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An Interview with Cardinal Ignatius Kung of Shanghai

The Persecution in China Continues

by Soul Magazine

July/August 1993 Pages 18 to 21

Cardinal Kung, can you tell our readers something about your life?

I was born in Pudong, on the eastern outskirts of Shanghai. My family has been Catholic for many generations. I am the oldest of four children. Our village has an uncommonly large and beautiful church, Our Lady of Lourdes. It can accommodate more than two thousand people.

Until the age of twelve, my brothers, sister and I were educated at home by my Aunt Martha, a "home-bound" religious sister, in Chinese classics and Catholic doctrine. During that period, there were women who stayed at home, took a vow of celibacy, and dedicated themselves to apostolate works. Aunt Martha played a very important role in fostering my vocation.

I also remembered very well my other religious teachers. A Marist brother prepared me for my first Holy Communion. In high school, I was educated by the Jesuits in Shanghai. I am grateful to both the Marists and the Jesuits who taught me the knowledge of God and inspired me to pursue the priesthood.

I began seminary studies at the diocesan seminary at age nineteen after completing high school. After my ordination at the age of 29, I spent many years in education. I taught Latin. I was also the headmaster of two Jesuit high schools in Shanghai Aurora High School and Gonzaga High School.

China turned Red in 1949. In October of that year, I was consecrated Bishop of Soochow. A year later, in 1950, the Holy See appointed me as the first Chinese Bishop of Shanghai. I continued to administer Soochow. In the following year, Nanking was included in my administration. Shanghai is one of the largest commercial and industrial cities in China. Nanking (Nanjing) was the former capital of China until the communist government moved the capital to Beijing. Soochow is a famous scenic city, not too far from Shanghai, known as the Venice of the East.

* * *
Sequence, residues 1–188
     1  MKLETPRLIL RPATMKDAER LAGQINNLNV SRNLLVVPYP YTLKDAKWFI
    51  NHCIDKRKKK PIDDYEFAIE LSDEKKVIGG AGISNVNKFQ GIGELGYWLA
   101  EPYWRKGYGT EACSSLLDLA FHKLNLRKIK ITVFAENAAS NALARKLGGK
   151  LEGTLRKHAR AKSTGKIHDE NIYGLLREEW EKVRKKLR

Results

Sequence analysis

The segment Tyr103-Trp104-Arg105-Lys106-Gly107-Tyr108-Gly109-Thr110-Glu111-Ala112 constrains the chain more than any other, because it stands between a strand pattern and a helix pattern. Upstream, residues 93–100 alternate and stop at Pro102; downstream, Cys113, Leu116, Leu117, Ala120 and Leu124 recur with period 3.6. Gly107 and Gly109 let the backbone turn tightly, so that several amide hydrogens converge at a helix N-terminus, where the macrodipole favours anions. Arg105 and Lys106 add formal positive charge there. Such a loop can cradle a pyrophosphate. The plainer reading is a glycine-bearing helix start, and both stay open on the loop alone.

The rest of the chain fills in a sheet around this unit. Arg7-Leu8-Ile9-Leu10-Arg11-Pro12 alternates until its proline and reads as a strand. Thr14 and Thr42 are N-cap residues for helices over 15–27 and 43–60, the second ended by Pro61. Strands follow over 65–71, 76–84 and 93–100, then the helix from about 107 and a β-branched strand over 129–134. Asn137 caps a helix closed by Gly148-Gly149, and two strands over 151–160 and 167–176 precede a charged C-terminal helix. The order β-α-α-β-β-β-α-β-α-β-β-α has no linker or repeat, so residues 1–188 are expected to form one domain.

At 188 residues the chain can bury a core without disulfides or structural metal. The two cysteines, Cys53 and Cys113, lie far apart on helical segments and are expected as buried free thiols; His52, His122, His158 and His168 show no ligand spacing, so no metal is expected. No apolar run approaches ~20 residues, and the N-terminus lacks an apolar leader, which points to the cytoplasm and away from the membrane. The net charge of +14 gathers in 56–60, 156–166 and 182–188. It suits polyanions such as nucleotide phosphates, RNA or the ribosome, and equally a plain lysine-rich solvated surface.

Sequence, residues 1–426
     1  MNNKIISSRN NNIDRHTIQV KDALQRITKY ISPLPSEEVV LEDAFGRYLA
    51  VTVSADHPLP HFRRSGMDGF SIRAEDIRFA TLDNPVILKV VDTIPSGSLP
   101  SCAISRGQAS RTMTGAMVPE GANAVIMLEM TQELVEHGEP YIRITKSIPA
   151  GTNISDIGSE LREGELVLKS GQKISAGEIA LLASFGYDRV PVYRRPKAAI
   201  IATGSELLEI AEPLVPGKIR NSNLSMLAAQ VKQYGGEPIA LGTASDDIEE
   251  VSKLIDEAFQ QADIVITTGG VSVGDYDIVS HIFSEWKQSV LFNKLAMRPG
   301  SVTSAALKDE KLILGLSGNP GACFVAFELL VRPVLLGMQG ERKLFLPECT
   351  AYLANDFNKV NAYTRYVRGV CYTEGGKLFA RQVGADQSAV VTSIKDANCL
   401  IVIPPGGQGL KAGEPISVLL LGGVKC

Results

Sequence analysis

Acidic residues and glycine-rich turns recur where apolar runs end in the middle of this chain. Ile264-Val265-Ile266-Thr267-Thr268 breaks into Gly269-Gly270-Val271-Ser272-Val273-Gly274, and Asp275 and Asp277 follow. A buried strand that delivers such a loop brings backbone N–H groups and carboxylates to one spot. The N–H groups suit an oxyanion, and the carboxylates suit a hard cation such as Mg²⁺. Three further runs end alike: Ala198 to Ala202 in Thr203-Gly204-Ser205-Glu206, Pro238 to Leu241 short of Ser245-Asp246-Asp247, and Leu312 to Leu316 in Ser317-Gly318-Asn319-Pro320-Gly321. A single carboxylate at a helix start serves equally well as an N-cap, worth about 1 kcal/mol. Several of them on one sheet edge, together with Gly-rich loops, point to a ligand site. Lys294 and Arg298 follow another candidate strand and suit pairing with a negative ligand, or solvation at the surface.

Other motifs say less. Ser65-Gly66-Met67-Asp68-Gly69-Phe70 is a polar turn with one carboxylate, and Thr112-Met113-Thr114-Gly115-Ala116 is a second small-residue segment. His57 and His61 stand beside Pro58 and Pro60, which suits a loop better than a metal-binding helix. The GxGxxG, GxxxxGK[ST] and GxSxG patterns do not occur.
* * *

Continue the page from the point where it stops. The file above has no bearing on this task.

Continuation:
At that time, bishops in China fully realized the very difficult journey ahead of them because of the new Communist government. Before my ordination, I made a thirty-day retreat to ask for strength and God's guidance to take up my responsibilities and follow the will of God and the Church. I was also happy to accept the appointment as the first Chinese Bishop of Shanghai as Shanghai is my hometown.

On September 8, 1955, together with many of my priests and people, I was arrested by the Chinese Communist government and put in jail where I would spend the next thirty years. I was sentenced to life imprisonment under the pretext of "treason". This "treason" consisted of my refusal to renounce the Holy Father, my refusal to sever ties between my diocese and the Holy Father, and my refusal to give leadership of the establishment of a "Chinese Catholic Patriotic Association" in China, which would be completely under the control of the communist government.

On July 3, 1985, I was released from prison and put on "parole." I was placed in the custody of the "Patriotic Association" which I had steadfastly opposed. I had no freedom of movement during my "parole." I was not allowed to go out alone.

On January 5, 1988, the Chinese government suddenly announced the termination of my parole term and restored full civilian rights to me.